Montjuïc, Paella, and the Beach
On Friday, we visited the military fortress on top of Montjuïc, the big hill to the south of the city.
The view was pretty good from up there.
We also visited the Palace of Arts, which is on the other side of the hill. It had a few very interesting works by El Greco that I was glad to see, and one painting of the blinding of Samson that I had never seen before. I wish I remembered the name of the artist.
That night, we went to a cooking class, and learned how to make a Catalonian Paella. The recipe went like this, as far as I could tell. I have edited the huge recipe slightly to make it suitable for 3-4 people in a regular 12-inch skillet.
First, make the sofrito: on your biggest burner, heat two tablespoons of olive oil in a pan and dump in a diced onion. Fry it until translucent. Add three tomatoes, pureed, a handful of chopped parsley, a tablespoon of smoked paprika, a teaspoon of salt, and two cloves chopped garlic. Stir and fry until fragrant. Stir in one diced red bell pepper. Pour in a cup of white wine, and allow alcohol to cook off, stirring to deglaze the pan, about 5 minutes. Clear out a space in the center of the pan. Take your cleaned mussels (about 3 per person is enough) and heap them in the center of the pan. Cover them with the sofrito mixture and cook for 4-5 minutes. Do the same with the small cleaned clams (4-5 per person) and cook for 3-4 minutes. Stir in a handful of cleaned peeled shrimp per person, and add a pinch of two of saffron threads. Add arborio rice to the pan: one handful per person eating. Stir for two minutes, to completely coat the grains in oil and to toast them slightly. Pour in enough water and chicken or fish broth (in a 1-1 ratio) to completely cover the rice. Stir gently to combine. Bring liquid to a boil, then lower heat and cover, with no stirring, for 15-20 minutes. You can test the rice during this time to see if it is still crunchy. If it is, you can add more liquid and re-cover. When the rice is done, turn the heat up and cook for a further 10 minutes to toast the rice slightly. Slice a lemon and place lemon slices evenly throughout pan. Serve with sangria.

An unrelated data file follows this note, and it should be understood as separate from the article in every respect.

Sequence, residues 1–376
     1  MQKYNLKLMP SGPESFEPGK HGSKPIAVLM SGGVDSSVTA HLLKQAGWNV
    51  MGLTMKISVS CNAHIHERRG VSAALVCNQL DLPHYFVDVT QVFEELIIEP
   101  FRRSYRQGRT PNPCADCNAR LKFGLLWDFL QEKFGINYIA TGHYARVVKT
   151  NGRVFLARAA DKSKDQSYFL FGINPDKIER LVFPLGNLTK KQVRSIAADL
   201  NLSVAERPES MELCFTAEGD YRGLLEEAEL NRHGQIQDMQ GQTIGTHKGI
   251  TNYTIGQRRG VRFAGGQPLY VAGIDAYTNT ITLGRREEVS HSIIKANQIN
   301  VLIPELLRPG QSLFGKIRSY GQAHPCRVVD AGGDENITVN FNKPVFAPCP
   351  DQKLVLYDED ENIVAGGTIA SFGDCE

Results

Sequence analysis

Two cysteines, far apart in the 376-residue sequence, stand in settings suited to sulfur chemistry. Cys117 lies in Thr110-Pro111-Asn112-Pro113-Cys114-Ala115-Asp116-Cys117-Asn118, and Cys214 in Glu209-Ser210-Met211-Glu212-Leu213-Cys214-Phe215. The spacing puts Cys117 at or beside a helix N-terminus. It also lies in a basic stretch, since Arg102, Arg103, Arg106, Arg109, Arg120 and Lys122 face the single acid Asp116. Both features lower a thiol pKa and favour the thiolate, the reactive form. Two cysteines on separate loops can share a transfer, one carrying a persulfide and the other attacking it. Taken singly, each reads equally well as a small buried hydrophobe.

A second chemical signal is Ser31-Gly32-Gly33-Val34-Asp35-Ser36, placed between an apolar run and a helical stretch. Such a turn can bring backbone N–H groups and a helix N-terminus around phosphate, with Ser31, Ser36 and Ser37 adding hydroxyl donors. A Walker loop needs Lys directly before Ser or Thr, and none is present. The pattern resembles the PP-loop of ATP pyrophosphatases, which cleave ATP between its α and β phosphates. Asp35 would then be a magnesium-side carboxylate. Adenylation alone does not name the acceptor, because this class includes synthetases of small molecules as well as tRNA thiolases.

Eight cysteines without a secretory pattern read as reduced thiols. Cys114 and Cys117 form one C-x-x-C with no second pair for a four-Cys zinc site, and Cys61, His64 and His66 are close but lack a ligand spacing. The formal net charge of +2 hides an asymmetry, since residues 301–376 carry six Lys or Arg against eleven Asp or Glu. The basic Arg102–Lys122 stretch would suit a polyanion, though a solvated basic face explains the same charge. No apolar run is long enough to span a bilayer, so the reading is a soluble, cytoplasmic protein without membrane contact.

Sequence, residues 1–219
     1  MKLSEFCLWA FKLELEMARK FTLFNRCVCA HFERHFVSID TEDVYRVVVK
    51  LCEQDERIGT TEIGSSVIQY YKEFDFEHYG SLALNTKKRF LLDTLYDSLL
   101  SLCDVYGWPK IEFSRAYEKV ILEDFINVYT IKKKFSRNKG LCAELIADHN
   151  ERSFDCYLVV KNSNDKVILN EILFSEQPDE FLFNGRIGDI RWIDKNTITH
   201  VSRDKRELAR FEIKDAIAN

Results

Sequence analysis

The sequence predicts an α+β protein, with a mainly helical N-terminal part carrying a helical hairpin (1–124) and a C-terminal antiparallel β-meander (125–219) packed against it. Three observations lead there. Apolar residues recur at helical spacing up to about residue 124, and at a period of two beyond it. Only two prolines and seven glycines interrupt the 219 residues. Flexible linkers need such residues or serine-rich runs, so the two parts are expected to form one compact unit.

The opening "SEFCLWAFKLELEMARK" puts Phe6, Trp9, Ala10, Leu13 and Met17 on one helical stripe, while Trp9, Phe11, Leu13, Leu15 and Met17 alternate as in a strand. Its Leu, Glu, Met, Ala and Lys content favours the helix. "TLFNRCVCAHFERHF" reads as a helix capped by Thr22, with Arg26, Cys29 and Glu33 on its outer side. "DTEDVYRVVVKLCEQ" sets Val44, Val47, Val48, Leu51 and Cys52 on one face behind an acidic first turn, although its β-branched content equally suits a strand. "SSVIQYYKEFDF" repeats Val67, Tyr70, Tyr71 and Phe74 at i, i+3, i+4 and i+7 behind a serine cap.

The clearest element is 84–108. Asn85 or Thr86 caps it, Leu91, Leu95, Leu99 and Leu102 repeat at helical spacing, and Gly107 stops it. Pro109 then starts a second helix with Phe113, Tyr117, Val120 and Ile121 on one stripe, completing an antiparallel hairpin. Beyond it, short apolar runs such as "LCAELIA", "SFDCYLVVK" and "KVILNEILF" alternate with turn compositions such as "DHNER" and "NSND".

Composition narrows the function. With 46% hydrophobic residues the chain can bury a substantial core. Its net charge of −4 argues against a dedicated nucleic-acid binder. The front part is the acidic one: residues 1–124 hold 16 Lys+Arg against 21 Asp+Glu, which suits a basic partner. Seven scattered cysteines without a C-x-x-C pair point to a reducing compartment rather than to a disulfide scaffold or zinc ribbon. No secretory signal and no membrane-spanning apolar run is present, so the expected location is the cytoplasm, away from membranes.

We also learned how to make sangria, and managed to drink about four pitchers between the six of us.
Basically, take a lime and slice it up into the bottom of a pitcher. Add two big spoonfuls of sugar and gently mush the limes and sugar together using a muddler, if you have one, or a potato masher if you don’t. Add four large ice cubes to the pitcher, then add two shots of brandy and two of white rum. Shake the pitcher to cool the alcohol slightly. Fill it halfway with red wine (not good wine, our chef said. Save the good wine for good dinners) and the rest of the way with orange fanta. Yes, orange fanta. It sounds awful, but tastes amazing. Take a knife or a long spoon and quickly stir the pitcher in a circle. If you watch carefully, you’ll see the ‘sunrise’– the mixing of alcohol and soda. This is seriously easy to drink, people. Serve it with caution, or small glasses.
The next day was bright and sunny so we stopped by a market for goat cheese, sausage, and corn cakes and took ourselves down to the beach!
It was still a little too chilly to go in the water (below: Amalia’s ‘but my feet are cold’ face).
I borrowed the second book in the Hunger Games series from our hostel and spent most of the day sunning myself and reading.
It was a rather perfect end to our vacation.
To see a few more photos of Montjuïc and our cooking class, go here. The last photo is from our last dinner in Barcelona, at an amazing organic restaurant that had–to my joy–a salad bar mostly composed of bitter greens. It was amazing.